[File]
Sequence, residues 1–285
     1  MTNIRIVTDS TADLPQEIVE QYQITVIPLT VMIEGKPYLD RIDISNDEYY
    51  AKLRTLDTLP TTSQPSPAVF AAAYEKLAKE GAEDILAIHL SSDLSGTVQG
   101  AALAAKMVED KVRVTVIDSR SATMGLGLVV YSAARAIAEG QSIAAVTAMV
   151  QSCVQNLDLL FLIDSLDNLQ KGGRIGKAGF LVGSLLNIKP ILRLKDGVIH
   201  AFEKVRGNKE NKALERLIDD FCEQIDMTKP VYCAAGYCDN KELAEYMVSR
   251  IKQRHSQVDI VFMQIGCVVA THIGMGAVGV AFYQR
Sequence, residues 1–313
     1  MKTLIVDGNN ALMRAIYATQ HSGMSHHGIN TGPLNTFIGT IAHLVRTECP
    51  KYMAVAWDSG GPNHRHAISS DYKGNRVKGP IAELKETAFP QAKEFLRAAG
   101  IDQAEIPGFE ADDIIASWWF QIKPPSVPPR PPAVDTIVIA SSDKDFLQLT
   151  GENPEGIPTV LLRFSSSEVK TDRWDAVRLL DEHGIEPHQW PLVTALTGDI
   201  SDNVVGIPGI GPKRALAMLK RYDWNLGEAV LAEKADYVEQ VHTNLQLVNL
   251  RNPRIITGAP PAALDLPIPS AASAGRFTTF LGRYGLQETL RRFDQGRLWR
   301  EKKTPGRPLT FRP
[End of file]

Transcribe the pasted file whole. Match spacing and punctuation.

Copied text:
Sequence, residues 1–285
     1  MTNIRIVTDS TADLPQEIVE QYQITVIPLT VMIEGKPYLD RIDISNDEYY
    51  AKLRTLDTLP TTSQPSPAVF AAAYEKLAKE GAEDILAIHL SSDLSGTVQG
   101  AALAAKMVED KVRVTVIDSR SATMGLGLVV YSAARAIAEG QSIAAVTAMV
   151  QSCVQNLDLL FLIDSLDNLQ KGGRIGKAGF LVGSLLNIKP ILRLKDGVIH
   201  AFEKVRGNKE NKALERLIDD FCEQIDMTKP VYCAAGYCDN KELAEYMVSR
   251  IKQRHSQVDI VFMQIGCVVA THIGMGAVGV AFYQR
Sequence, residues 1–313
     1  MKTLIVDGNN ALMRAIYATQ HSGMSHHGIN TGPLNTFIGT IAHLVRTECP
    51  KYMAVAWDSG GPNHRHAISS DYKGNRVKGP IAELKETAFP QAKEFLRAAG
   101  IDQAEIPGFE ADDIIASWWF QIKPPSVPPR PPAVDTIVIA SSDKDFLQLT
   151  GENPEGIPTV LLRFSSSEVK TDRWDAVRLL DEHGIEPHQW PLVTALTGDI
   201  SDNVVGIPGI GPKRALAMLK RYDWNLGEAV LAEKADYVEQ VHTNLQLVNL
   251  RNPRIITGAP PAALDLPIPS AASAGRFTTF LGRYGLQETL RRFDQGRLWR
   301  EKKTPGRPLT FRP